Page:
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Berliners really know how to put on a party

June 22, 2003|Lucy Izon | Special to The Times

The summer's biggest party is July 12 in Berlin. A million or more young people are expected to cram a six-mile route in the city for the annual Love Parade, known as the world's biggest rave.

The Love Parade started in 1989 with 150 people celebrating a local DJ's birthday. By 1999, 1.5 million people (many in costume) packed Berlin's zoo and streets, with 50 floats, each blasting its own music, making their way along the parade route.

"The parade itself is on the Saturday," says Alex Light of Mitte's Backpacker Hostel in Berlin, "but warmups start by Thursday night, and the real ravers keep going until Sunday night."

Since the fall of the wall, Berlin has become the fourth most-visited city in Europe, after London, Paris and Rome, and half of the visitors are younger than 35.

Berlin has 4,500 beds in hostels and guesthouses for young travelers, at rates ranging from $12 to $41 per night. But during the Love Parade, accommodations are scarce and prices rise. "We do save some rooms for walk-ins," Light says. "We save about 30 beds." But, he admits, even the hostels increase prices. Mitte's Backpacker Hostel adds $6 per night. The hostel is at 102 Chausseestr.; 011-49-30-283-909-65,

The city, which is home to 133,000 students, has much to offer young travelers. Along with 170 museums, Berlin has a vibrant night life and clubs that never close.

A section of Berlin Tourism's Web site ( is geared toward young visitors and includes suggested routes for sightseeing on inline skates.

Experienced skaters can try the Berlinparade, a two-hour, 12- to 17-mile ride through closed streets, with 4,000 participants. It's usually held two Friday nights a month, and sometimes on Sundays. For updates, visit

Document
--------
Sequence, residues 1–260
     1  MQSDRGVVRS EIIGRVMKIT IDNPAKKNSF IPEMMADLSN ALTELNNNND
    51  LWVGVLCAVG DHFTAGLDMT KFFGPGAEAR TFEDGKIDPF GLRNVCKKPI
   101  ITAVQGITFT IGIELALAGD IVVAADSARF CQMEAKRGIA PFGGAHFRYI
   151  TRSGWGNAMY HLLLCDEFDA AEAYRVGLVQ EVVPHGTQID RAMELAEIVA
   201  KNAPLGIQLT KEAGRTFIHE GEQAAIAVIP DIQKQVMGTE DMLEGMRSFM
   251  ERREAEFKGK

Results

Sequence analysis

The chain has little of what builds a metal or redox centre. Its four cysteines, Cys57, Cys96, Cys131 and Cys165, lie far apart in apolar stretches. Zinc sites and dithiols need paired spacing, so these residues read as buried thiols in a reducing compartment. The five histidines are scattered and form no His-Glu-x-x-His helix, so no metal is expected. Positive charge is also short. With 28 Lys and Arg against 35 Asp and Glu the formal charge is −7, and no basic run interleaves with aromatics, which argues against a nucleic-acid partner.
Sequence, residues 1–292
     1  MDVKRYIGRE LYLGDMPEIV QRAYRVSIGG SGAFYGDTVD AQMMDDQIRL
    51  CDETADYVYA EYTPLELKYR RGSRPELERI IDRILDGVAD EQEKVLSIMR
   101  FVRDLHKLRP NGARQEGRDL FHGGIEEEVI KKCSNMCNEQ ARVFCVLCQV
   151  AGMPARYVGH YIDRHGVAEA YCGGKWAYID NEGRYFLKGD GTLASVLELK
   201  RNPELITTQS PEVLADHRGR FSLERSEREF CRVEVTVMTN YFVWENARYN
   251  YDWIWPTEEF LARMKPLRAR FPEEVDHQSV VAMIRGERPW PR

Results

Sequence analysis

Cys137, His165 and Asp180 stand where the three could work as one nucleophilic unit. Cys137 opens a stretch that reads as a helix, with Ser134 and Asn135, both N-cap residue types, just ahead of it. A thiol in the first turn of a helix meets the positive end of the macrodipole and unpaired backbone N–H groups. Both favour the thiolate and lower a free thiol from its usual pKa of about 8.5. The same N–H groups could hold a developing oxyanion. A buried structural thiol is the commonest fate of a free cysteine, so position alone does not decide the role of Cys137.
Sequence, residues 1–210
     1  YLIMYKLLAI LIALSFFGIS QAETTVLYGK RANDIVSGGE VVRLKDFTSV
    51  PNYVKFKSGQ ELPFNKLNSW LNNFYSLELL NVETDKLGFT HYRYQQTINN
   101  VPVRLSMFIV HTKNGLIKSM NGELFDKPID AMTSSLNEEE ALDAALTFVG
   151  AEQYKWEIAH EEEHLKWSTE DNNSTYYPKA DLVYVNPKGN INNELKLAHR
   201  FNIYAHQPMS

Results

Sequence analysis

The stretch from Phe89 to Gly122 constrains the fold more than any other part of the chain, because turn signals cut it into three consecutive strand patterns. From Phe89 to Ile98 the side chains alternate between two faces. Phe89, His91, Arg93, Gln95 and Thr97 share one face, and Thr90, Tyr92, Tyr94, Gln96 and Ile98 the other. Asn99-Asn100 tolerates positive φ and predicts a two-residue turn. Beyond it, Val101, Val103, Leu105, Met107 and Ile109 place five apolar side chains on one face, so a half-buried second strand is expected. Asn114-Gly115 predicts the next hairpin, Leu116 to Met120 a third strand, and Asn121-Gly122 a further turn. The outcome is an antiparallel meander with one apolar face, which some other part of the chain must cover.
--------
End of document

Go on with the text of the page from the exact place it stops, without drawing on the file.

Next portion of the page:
Another way to get around Berlin is the Welcome Card, which allows up to 72 hours of unlimited public transportation in Berlin and Potsdam and discounts at tourist attractions and cultural sites. It costs $23 and is sold at most hotels and at Berlin's tourist information centers.

When you're ready to leave the city, think Alps. In Germany, Switzerland, Austria and Italy, you'll find hostels ( and great hiking, biking and climbing opportunities.

Austria offers free guided hiking programs through local tourist offices. The most popular hiking tour is in Innsbruck, and this year the city tourist office has added free guided mountain biking tours. To join the tours you need a Club Innsbruck card, issued free with one night's stay at a local hotel or hostel.

The mountain-biking tours depart from the Gotzens Tourist Office at 9 a.m. every Thursday through Sept. 4. Contact Tourismusburo Gotzens; 011-43-5234-32236.

Innsbruck's guided hiking program meets at 8:30 a.m. daily until Sept. 28 at Congress Centre. The three- to five-hour hikes are conducted in cooperation with the Innsbruck Alpine School (ASI). No reservations are needed. For details, log on to or call 011-43-512-59850.


With the emergence of severe acute respiratory syndrome, medical issues have become an even greater worry for many travelers, especially youths sharing dormitory rooms, communal kitchens and bathrooms.

What would you do if you had a serious medical concern in a country where you couldn't speak the language? One solution is to contact a doctor through the International Assn. for Medical Assistance to Travelers, a network of physicians who speak English, who have had training in North America and who have agreed to accept established fees, from $55 for an office call to $95 for a hotel visit on a weekend or holiday.

When you join the association you receive medical information for the area where you are traveling and a booklet listing affiliated doctors worldwide. There's no fee to become a member. For information, contact the association at 417 Center St., Lewiston, NY 14092; (716) 754-4883, On the Web site are links to helpful information about SARS.

Lucy Izon is a Toronto-based freelance writer and author of "Izon's Backpacker Journal." Her Web site is

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